Photo: Richard Murphy
By Richard Solly, Co-ordinator, London Mining Network, based on notes of the AGM made by Stephan Suhner, Arbeitsgruppe Schweiz Kolumbien (Switzerland-Colombia Working Group).
An on-demand webcast of the AGM can be found here along with the Notice and Results of the AGM. A pre-AGM briefing on Glencore by IndustriALL global union can be found here and the union’s AGM report here. A pre-AGM investor briefing by the Australasian Centre for Corporate Responsibility can be found here. A post-AGM report by ShareAction is here. A video diary by ShareAction supporter Richard Murphy, who attended the AGM, is here. A post-AGM joint statement by LMN, ASK!, CNV, IndustriALL, Resist Glencore, Sintracarbon, Sintramienergetica, Solifonds, Tierra Digna and other organisations attending the AGM is here. A further briefing from an alliance of organisations including LMN can be found here. Our Glencore timeline can be found here.
I had never attended a Glencore AGM before. The company is listed on the under-regulated London Stock Exchange but registered in the UK-controlled tax haven of Jersey and headquartered in the Swiss Canton of Zug, where it holds its AGMs. Zug is regarded within the tax haven of Switzerland as a super tax haven. Swiss acceptance of an OECD agreement to make 15% the minimum corporate tax level means that Zug Canton has to raise its corporate tax level, but the Cantonal government has stated that it will give the extra tax back to Glencore to enable it to invest more in the communities affected by its activities.
The AGMs of other London-listed mining companies are bad enough, but Glencore’s failure to offer anything resembling adequate answers to any of the questions asked by representatives of workers and communities affected by their activities was utterly outrageous. But it was not ashamed to boast of its record-breaking profit and supposed contribution to saving the planet by mining more of the minerals needed for the transition to a lower carbon economy – and that while continuing to mine enormous quantities of thermal coal.
The AGM took place on 26 May. I attended along with colleagues from Swiss organisation Arbeitsgruppe Schweiz Kolumbien (Switzerland-Colombia Working Group), Colombian lawyers’ collective Tierra Digna, representatives of African-descent and Yukpa indigenous communities affected by the company’s Prodeco coal mine in the Colombian department of Cesar, Dutch trade union CNV, the mining section of global union IndustriALL, and unionised mine workers from Australia, Canada, Colombia, New Caledonia, Peru and Spain.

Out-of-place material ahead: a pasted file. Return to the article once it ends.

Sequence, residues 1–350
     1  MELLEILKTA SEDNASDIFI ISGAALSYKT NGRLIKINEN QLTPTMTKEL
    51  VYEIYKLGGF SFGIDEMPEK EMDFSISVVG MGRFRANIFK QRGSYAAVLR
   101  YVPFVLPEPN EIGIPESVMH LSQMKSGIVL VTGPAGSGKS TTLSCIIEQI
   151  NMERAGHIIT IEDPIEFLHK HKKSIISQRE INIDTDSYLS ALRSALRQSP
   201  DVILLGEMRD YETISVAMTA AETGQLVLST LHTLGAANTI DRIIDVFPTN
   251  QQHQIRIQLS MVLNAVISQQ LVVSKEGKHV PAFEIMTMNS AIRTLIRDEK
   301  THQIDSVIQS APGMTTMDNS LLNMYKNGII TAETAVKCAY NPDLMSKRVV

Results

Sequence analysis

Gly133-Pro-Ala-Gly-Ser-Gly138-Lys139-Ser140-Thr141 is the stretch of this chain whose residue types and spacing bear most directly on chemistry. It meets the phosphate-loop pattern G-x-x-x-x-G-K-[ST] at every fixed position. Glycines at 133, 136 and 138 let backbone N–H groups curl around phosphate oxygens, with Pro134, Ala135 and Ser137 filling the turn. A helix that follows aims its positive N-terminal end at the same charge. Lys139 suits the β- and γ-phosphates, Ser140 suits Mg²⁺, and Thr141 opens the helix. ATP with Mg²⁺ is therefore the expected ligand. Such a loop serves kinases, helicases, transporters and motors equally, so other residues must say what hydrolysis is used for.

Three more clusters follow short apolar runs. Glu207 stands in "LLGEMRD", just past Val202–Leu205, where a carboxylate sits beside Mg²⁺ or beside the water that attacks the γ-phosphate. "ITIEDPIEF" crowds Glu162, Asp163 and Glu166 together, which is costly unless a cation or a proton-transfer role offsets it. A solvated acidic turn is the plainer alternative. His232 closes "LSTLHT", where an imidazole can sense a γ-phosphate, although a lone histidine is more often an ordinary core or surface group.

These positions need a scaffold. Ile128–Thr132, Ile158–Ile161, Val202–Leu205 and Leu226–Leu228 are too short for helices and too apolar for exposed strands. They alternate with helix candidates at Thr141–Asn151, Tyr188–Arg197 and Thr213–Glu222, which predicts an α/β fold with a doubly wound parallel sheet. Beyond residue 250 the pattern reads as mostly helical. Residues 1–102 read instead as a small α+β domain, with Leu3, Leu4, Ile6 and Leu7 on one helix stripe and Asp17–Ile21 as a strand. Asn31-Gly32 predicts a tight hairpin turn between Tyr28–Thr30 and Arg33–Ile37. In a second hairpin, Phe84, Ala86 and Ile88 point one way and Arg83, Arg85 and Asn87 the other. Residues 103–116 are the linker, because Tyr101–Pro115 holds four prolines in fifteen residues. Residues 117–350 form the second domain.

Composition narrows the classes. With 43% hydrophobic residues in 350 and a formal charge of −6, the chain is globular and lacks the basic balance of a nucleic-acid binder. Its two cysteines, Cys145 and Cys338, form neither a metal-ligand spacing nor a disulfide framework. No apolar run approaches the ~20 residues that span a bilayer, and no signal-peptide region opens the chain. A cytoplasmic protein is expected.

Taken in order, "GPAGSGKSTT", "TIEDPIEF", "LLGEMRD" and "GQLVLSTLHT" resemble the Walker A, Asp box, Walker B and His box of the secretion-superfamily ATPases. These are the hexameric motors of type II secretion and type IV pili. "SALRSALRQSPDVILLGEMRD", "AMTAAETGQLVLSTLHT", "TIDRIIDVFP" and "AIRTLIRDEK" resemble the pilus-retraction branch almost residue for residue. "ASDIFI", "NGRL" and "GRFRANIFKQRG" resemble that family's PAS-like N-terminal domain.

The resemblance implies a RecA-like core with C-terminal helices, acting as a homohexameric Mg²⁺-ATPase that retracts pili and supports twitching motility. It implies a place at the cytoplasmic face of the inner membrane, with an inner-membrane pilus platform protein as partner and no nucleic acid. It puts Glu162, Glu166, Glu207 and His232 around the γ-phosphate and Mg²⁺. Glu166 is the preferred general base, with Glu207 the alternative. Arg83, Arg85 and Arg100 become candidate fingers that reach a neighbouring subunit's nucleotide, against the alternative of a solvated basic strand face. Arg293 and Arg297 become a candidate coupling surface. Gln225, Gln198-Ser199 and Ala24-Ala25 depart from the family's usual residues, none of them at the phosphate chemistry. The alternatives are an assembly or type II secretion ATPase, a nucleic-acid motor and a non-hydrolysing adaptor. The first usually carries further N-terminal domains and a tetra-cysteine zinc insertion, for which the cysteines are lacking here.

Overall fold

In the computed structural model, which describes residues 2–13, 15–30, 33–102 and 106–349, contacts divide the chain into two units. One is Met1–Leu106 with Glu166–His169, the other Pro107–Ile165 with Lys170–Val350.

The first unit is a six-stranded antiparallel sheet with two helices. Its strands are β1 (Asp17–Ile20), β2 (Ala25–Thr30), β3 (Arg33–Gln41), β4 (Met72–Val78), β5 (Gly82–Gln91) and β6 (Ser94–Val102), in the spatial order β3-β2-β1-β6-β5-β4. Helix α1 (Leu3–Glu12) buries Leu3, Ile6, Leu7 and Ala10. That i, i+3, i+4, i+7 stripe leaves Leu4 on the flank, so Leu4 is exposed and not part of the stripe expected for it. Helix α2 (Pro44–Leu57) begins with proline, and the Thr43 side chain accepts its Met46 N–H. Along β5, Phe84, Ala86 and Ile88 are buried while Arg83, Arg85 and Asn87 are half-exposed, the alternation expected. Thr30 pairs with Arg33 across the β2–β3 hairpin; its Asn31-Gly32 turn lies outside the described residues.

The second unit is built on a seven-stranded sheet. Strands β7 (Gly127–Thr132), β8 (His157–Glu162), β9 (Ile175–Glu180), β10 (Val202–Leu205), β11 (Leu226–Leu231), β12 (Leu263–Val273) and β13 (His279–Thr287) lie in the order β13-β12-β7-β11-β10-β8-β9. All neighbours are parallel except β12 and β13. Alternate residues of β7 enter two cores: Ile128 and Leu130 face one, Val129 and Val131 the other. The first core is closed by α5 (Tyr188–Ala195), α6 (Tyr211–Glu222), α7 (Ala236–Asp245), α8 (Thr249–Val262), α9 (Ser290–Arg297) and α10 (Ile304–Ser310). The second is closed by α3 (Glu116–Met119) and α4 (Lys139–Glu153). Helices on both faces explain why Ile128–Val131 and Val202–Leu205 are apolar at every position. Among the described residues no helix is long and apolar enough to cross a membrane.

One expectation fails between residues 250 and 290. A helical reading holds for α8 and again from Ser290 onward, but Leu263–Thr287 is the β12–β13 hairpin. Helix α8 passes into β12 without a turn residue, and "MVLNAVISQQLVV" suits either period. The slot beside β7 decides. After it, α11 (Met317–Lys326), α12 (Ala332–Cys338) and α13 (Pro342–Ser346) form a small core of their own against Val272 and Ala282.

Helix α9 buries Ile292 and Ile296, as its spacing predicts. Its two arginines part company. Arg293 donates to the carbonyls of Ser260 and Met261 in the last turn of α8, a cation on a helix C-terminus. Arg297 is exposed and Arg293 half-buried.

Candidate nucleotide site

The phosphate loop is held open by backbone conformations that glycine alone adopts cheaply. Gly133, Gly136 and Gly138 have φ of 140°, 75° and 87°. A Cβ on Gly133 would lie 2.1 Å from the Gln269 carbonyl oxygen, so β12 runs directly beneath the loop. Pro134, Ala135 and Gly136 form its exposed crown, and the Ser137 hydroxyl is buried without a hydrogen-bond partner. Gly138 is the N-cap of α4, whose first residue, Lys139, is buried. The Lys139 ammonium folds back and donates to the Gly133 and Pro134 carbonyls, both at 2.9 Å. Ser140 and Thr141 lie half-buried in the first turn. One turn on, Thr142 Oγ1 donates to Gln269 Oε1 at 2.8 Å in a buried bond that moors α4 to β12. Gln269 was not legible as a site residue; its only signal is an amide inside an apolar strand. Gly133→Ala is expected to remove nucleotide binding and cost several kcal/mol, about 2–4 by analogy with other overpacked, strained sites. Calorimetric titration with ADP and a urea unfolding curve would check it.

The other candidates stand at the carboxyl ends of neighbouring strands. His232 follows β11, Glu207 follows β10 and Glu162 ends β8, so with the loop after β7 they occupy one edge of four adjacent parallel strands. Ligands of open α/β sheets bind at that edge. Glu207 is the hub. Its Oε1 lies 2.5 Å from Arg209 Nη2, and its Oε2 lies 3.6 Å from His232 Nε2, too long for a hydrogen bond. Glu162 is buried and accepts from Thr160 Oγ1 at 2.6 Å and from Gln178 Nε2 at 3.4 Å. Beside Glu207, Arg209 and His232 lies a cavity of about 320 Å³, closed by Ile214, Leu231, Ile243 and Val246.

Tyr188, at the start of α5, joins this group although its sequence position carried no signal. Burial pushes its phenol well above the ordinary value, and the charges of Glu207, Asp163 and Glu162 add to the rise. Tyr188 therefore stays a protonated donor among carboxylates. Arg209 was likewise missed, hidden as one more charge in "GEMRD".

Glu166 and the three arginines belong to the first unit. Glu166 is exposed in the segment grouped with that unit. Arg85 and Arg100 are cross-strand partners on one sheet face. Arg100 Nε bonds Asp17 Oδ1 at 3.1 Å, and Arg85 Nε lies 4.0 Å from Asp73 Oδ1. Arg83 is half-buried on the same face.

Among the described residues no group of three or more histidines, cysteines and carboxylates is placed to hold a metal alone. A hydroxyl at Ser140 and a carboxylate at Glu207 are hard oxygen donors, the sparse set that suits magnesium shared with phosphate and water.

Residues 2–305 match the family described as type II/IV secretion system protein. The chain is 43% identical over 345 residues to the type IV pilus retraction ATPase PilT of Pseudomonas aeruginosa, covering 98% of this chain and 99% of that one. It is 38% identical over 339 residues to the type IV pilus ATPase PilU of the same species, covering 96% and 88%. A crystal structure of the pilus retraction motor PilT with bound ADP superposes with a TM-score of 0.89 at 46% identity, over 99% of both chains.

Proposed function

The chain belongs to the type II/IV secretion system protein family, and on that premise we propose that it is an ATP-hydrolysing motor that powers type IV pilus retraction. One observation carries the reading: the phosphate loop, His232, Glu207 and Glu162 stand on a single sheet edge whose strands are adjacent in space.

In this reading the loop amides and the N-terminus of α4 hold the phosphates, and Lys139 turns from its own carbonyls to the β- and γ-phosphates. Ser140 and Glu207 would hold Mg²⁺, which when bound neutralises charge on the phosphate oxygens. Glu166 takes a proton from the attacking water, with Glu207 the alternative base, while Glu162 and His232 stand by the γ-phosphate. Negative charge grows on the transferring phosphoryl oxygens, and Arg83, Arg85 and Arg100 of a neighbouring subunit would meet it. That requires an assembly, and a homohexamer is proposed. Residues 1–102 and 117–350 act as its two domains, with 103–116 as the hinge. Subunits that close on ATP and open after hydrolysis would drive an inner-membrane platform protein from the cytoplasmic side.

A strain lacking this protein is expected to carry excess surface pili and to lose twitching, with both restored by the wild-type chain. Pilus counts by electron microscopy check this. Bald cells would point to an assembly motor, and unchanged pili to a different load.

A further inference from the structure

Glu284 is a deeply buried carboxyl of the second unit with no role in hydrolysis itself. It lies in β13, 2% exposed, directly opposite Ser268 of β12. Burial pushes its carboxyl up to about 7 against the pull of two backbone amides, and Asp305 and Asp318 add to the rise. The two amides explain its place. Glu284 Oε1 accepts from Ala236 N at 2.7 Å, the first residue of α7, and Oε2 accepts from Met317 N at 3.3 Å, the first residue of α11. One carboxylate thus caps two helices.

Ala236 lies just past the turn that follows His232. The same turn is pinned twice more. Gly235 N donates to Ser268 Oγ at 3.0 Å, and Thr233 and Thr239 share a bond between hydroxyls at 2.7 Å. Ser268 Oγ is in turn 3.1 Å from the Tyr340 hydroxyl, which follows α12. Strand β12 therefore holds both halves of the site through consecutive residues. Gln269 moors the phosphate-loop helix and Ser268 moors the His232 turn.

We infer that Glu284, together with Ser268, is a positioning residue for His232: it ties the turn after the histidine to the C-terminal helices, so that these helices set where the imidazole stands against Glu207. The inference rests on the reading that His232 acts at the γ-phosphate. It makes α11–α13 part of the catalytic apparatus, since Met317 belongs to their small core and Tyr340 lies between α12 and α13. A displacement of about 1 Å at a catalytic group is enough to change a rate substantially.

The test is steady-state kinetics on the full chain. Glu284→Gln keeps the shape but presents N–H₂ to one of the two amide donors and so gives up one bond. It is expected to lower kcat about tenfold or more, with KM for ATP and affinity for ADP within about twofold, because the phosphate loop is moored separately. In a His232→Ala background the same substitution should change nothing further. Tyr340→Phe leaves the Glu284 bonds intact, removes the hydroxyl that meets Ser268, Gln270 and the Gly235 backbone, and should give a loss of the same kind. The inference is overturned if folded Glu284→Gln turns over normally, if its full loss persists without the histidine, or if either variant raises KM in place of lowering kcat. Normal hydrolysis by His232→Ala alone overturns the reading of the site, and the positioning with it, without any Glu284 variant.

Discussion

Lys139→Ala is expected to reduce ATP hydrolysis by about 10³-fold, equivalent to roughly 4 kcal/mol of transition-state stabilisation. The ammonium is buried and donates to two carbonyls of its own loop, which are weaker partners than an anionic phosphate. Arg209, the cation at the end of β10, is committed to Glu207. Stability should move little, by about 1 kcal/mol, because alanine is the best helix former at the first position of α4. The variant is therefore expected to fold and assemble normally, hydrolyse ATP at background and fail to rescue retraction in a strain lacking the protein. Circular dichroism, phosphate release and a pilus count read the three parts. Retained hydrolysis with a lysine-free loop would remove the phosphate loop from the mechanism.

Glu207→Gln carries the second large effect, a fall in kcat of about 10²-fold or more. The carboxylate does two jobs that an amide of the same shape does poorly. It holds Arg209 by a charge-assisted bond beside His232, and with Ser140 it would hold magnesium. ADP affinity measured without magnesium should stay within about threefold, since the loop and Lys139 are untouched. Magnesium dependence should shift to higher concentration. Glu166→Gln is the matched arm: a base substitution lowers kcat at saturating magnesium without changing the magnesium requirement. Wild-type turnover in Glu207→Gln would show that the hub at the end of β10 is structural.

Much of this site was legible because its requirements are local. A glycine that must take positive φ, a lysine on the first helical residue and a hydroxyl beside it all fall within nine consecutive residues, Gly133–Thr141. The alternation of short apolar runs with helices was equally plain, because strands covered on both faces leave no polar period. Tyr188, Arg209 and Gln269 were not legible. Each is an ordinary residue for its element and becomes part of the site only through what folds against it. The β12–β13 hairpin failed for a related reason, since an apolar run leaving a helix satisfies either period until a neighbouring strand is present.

Opening remarks by Chairman Kalidas Madhavpeddi and CEO Gary Nagle were mercifully far shorter than those of their peers in other London-listed mining companies but equalled or even exceeded them in the level of self-praise.
The Chairman introduced the Question and Answer session, he stressed the need to be brief and to speak in either English or German, for which simultaneous interpretation was available through headsets. Interpretation for other languages would not be available. There were echoes here of the Anglo American AGM a month earlier, and the Chairman would be challenged on this.
After this song of praise, the question and answer session began. Right at the beginning, an elderly gentleman asked what the protest outside was about. What was the company doing to make people protest against it? Why were news media talking so badly about Glencore? What would the company do about it?
Chairman Kalidas Madhavpeddi said he did not know who it was who was demonstrating but that everyone has a right to express their opinion.